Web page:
Eugene Masselink (1910-1962) was born in South Africa but his family moved to Grand Rapids, Michigan shortly thereafter and he grew up there. Masselink came to the Taliesin Fellowship in Spring Green, Wisconsin in 1933 as a charter member – the Fellowship being Wright’s school for working apprentices. He never left the Fellowship and served his entire career as Frank Lloyd Wright’s right-hand person by handling practically all facets of business details for Wright’s Taliesin office. Masselink, a very hard worker, was totally devoted and dedicated to Wright’s architectural practice and was Wright’s personal secretary and later after Wright’s death, in 1959, became secretary-treasurer of the Frank Lloyd Wright Foundation.

In the book, Frank Lloyd Wright–Letters to Apprentices (1982) editor Bruce Brooks Pfeiffer, writes about Masselink this way:

… Trained in [fine art at Ohio State University], when he came to Taliesin he studied architecture directly with Mr. Wright. In the subsequent years he was commissioned to make many murals, [folding screens,] and paintings – often for the houses of Mr. Wright’s clients.

Originally based on Mr. Wright’s concept of rectilinear and geometric forms, the work Gene developed and carried forward in the art of abstraction was supremely creative. He helped to establish the Taliesin Press, designed our stationery, invitations, programs, and printed the Taliesin Square Papers, a group of essays and addresses written by Mr. Wright.

He had a sonorous baritone voice, with a fine sense of musicianship to go with it, and he participated in the musical activities that were and still are so much a part of the life at Taliesin.

Everyone who knew him thought the world of him; his humor was ever present, his wit a great delight. Following his untimely death in [July] 1962 [he died suddenly of a heart attack while at work], at the age of 51, Mrs. Wright wrote in her book, The Roots of Life: “Dedicated to the memory of Eugene Masselink. There was no conflict between his faith and his life.” (page 22)

I find this epitaph by Mrs. Wright to be a profoundly Christian reformational statement.

If you're interested, here's a 'youtube' video link to A Letter by Eugene Masselink, ca. 1936 – being read by Effi Casey at a recent Taliesin Fellowship gathering:

I’d like to thank Douglas Steiner who gave me permission to post his photograph of the Taliesin Stationery. Here’s a link to his web site:

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Tuesday, May 5, 2009

Binary Designers? (2)

The graphic image above is from a self-promotion identity design and portfolio by Caryn Nydam from Modesto, California. This week, Caryn will be a 2009 Dordt College art major graduate with both fine art and graphic design emphases.

Earlier last month, I posted Binary Designers? in which I received an important suggestion from a Dordt graduate who's practicing graphic design. So, I'm re-posting it in more of its entirety in order to give some context. The following excerpt is from a larger paper titled Creational Graphic Design … my intent with a more current post will allow those who want to comment a chance to do so.

As a side, this paper will be presented at the CIVA 2009 Biennial Conference this summer at Bethel University, Saint Paul, Minnesota. The excerpt reads:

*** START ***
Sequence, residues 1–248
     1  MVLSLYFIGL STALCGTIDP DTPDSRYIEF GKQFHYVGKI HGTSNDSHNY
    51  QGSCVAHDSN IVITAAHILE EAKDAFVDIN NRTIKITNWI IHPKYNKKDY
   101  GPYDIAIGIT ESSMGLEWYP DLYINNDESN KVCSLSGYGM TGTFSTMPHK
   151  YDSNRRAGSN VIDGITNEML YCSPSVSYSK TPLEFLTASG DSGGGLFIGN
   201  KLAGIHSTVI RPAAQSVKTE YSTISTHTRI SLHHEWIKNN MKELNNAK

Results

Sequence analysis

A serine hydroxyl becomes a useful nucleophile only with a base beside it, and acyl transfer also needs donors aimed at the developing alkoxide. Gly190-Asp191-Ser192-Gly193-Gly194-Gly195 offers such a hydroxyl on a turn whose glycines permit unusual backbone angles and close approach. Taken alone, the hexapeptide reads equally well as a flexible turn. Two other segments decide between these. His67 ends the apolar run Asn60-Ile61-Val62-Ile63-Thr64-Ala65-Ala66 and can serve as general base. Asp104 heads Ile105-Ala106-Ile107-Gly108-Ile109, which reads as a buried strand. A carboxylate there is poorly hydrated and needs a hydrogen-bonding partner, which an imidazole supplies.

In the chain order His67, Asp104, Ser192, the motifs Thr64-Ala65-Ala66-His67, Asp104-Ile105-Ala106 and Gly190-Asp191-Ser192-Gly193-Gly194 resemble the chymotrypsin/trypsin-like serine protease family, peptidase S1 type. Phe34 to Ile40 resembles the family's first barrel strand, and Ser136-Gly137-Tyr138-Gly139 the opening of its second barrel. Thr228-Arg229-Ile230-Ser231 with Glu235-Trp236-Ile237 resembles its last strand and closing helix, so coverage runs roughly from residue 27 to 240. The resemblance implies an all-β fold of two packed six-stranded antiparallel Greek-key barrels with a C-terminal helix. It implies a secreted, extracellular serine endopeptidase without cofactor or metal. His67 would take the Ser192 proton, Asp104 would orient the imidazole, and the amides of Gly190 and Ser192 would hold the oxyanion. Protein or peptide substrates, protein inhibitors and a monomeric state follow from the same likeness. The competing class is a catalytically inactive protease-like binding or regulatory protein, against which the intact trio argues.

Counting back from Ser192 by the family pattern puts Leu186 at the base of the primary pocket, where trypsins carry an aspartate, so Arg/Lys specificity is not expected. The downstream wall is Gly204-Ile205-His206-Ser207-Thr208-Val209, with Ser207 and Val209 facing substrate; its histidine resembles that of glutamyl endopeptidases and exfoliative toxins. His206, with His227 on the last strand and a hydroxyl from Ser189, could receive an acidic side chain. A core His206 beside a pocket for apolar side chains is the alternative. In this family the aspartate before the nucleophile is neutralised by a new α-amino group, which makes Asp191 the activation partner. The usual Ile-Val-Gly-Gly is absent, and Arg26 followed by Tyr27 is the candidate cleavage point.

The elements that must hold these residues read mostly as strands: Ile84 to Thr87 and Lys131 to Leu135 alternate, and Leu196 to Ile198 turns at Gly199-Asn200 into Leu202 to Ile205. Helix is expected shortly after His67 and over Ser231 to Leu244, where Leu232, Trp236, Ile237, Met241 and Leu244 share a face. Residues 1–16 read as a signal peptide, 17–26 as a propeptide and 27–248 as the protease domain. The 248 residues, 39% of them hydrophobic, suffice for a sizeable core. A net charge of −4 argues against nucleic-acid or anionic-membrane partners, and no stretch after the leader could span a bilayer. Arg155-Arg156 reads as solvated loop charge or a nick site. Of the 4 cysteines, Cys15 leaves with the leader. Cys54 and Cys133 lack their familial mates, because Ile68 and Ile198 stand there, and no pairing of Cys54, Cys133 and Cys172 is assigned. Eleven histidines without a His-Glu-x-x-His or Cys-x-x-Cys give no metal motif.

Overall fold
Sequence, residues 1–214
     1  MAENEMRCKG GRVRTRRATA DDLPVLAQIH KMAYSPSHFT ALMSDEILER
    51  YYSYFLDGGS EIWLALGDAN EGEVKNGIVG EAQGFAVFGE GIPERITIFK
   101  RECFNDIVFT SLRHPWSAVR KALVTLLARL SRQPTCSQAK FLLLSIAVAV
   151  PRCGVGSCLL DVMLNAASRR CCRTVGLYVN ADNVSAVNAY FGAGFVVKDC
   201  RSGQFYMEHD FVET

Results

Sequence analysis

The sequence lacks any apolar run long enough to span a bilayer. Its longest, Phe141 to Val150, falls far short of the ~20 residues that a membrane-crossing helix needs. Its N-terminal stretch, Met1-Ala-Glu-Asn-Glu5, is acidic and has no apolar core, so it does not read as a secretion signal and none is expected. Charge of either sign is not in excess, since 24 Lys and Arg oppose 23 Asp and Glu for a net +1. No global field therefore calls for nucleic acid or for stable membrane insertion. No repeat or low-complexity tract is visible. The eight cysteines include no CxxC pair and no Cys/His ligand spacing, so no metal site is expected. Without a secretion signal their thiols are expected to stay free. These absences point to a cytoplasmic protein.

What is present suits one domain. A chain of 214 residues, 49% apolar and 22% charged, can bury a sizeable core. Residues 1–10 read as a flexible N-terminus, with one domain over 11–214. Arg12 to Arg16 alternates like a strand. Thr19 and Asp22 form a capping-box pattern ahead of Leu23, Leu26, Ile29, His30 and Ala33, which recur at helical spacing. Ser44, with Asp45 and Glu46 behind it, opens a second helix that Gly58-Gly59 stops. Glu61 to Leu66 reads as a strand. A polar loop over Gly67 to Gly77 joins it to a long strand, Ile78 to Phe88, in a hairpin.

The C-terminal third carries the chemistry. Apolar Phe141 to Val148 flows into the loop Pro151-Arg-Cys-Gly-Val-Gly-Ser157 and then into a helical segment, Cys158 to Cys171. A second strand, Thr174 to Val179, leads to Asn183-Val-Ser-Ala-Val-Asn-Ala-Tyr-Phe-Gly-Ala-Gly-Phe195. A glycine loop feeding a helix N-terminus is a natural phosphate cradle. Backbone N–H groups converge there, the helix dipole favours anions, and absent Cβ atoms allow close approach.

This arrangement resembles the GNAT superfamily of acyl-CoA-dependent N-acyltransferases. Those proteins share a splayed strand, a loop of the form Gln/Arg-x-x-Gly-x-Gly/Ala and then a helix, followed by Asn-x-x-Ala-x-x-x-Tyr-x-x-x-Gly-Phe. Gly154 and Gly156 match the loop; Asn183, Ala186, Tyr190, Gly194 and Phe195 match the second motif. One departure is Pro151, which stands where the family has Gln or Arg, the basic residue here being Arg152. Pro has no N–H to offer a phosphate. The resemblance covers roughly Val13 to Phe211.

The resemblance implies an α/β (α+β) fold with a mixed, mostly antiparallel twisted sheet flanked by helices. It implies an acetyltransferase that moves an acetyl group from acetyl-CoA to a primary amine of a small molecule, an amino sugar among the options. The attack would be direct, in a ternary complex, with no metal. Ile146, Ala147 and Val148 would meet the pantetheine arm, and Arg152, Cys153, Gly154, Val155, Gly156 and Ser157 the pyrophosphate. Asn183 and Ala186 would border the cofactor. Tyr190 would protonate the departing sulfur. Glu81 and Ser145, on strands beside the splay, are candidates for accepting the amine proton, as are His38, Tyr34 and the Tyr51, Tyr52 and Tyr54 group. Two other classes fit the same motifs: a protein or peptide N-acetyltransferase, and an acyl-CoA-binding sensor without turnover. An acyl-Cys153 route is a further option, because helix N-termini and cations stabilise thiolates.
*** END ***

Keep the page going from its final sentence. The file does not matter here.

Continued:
Binary Designers?
At Dordt College students interested in graphic design are art majors with a graphic design emphasis. That means, that in addition to taking four dedicated graphic design courses, students also take some required studio fine art courses, a business marketing course, as well as other studio art and art history electives along with a rigorous liberal arts core curriculum. Often times, a graphic design student will say, “I like graphic design, but what I really like is studio art (painting, drawing, photography, ceramics, or sculpture) — fine art allows me to be self-expressive.” When students become juniors and seniors I offer them an individual study in order to develop their portfolios. Together, we begin the process of systematic exploration and review their body of work from all of their studio classes and determine where their work is strong and what areas need improvement. Some students seem to apologize and ask me “Can I include fine art with graphic design in my portfolio?” “Are clients interested?” “Some are,” I respond and further add that although art and design are different they are related. The choice between the two is actually a false dilemma because there is so much common ground.

[I enjoy seeing students who put as much passion into their graphic design work as they do their fine art work.]

Why do students seem to have the attitude of the two art sub-cultures? Why this tension? The perception of fine art as more noble than design (graphic design), is a Romantic notion going back to the Renaissance, a notion that has found it’s way to today’s North American college campuses—Christian colleges included. Does this attitude come from the academic liberal arts tradition? Where do the lines of art and design cross? Again, Calvin Seerveld starts to provide an answer with his working definition of art: “a well-crafted artifact or act distinguished by an imaginative quality whose nature is to allude to more meaning than what is visible/audible/written/sensed….”

How does Seerveld’s art definition work in design? Actually, graphic design, web design, interactive design can be considered artifacts or acts of communication distinguished by an imaginative quality that is visible/audible/written/sensed. The question is, “How does the nature of design allude to more meaning than what meets the senses?”